Genetic Test Measures Toughness of Breast Cancer
Screen could spare many women unnecessary chemotherapy
WEDNESDAY, Dec. 11, 2002 (HealthDayNews) -- Duke Comprehensive Cancer Center researchers are leading a national clinical trial of a new genetic test that can identify drug resistance in breast cancer tumors.
The technique, called gene expression profiling, subtypes each breast cancer tumor by its genetic defects, letting doctors tailor treatment to specific tumors. That could spare millions of women from receiving unnecessary chemotherapy.
Currently, there is no predictive model to help doctors determine which women with breast cancer will or will not respond to hormonal therapies. So, chemotherapy is prescribed as a backup measure against the cancer.
It's estimated that up to 50 percent of women with breast cancer needlessly receive chemotherapy.
The new gene expression profiling technique uses a commercially available gene chip to create a genetic "fingerprint" of a tumor. This information lets doctors categorize each tumor by its genetic defects, and to predict whether standard hormonal therapies alone will work against the tumor or whether chemotherapy will also be necessary.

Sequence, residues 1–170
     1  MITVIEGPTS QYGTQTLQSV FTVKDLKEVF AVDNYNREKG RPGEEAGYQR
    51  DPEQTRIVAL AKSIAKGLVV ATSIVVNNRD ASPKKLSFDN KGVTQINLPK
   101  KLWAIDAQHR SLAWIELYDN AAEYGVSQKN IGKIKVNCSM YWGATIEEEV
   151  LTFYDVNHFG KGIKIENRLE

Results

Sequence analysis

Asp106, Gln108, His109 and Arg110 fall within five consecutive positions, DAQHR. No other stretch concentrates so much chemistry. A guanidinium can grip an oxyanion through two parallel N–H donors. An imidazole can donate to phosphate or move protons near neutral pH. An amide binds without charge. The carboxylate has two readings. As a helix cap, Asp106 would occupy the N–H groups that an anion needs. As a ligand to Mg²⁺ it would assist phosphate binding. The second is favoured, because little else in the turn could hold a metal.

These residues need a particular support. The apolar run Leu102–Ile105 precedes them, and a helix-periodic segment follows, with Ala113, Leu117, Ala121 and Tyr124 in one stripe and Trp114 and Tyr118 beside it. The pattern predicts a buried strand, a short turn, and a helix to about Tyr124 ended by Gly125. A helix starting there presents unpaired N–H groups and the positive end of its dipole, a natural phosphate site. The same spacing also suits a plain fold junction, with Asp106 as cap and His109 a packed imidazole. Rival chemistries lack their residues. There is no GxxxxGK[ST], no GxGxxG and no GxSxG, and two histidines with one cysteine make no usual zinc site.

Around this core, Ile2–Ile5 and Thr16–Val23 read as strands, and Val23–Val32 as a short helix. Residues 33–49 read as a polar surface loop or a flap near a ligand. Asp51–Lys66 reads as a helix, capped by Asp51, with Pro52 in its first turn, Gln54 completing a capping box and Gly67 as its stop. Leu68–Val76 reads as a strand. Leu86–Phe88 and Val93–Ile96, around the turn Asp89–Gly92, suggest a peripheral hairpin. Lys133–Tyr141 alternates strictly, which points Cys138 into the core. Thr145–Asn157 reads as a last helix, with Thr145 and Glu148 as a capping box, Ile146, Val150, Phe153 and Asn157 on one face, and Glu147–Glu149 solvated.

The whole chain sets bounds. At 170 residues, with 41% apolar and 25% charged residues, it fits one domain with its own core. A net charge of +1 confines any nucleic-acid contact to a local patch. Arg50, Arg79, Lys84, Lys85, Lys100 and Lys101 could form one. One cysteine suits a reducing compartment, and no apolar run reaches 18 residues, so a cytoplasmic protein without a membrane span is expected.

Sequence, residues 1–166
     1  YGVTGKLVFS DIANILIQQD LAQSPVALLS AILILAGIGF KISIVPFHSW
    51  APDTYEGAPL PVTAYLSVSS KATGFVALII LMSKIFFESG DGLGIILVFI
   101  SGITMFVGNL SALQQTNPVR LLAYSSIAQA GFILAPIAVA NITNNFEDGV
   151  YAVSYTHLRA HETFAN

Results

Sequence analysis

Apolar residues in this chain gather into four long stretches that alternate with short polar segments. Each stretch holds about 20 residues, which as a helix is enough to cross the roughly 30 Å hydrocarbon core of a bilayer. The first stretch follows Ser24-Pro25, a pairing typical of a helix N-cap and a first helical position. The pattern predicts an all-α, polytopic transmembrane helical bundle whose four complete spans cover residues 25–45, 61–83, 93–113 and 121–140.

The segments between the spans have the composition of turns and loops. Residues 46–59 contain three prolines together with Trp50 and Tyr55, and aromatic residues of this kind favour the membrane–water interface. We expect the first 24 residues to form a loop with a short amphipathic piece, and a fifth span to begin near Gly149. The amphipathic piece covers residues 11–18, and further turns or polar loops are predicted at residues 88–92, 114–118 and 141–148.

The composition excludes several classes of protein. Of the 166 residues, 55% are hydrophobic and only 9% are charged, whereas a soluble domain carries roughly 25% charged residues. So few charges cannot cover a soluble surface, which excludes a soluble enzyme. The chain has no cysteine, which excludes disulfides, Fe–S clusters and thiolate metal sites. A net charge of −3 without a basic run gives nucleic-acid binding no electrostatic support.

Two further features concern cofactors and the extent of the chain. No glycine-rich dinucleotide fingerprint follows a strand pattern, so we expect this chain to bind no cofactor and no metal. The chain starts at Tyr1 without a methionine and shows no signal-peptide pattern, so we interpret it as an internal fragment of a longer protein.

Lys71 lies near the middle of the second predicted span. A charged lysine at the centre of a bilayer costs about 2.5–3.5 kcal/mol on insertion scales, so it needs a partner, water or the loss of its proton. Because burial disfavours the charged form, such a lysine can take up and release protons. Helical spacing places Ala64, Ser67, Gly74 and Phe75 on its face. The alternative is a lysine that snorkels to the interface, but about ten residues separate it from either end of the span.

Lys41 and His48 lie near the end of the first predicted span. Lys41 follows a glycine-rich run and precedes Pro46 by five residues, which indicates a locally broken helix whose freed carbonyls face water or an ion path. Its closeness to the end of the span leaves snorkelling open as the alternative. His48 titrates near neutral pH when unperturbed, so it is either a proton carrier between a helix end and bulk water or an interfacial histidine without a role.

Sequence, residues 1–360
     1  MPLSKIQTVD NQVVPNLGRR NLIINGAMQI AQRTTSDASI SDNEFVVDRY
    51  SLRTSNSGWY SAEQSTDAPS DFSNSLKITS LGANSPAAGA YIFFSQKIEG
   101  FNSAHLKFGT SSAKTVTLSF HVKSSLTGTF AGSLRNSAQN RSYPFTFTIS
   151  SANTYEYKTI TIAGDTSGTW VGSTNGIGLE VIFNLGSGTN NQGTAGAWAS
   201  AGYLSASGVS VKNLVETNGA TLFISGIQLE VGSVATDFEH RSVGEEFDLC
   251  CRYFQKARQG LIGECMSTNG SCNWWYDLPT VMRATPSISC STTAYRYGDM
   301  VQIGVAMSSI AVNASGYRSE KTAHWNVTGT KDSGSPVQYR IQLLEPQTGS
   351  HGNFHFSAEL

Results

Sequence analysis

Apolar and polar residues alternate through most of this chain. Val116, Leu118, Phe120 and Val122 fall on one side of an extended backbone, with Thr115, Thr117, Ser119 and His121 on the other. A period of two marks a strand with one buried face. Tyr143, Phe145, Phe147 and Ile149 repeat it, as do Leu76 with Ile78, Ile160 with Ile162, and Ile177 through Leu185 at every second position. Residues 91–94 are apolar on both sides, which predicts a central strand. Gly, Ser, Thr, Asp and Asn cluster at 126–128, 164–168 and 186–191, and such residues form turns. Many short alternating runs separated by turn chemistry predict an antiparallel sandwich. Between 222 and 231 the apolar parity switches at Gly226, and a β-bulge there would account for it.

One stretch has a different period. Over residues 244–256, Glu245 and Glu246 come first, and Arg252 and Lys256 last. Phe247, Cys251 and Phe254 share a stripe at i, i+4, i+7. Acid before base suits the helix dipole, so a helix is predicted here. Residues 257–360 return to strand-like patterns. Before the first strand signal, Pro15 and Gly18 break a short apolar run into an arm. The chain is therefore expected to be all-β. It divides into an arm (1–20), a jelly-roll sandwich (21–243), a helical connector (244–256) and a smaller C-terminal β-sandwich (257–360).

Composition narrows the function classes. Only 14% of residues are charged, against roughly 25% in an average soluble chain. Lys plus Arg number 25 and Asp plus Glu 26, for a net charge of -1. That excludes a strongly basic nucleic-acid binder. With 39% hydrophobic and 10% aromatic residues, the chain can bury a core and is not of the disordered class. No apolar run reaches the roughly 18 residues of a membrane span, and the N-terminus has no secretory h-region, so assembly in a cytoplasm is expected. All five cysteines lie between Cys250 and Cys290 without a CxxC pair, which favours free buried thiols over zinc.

The study design will be presented at the 25th annual San Antonio Breast Cancer Symposium this week. The national multi-center study will include 140 women.
Researchers will take samples of the women's breast cancer tumors. They will then receive the estrogen-depriving drug letrozole before they have surgery. Letrozole reduces production of estrogen, which fuels the growth of up to 80 percent of all breast cancers.
However, some tumors don't respond to hormonal therapies and some tumors that initially respond to hormonal therapies later become resistant.
To better understand that, the researchers will use gene expression profiling to measure changes in 16,000 genes as they respond or don't respond to letrozole.
The National Cancer Institute has more about breast cancer treatments.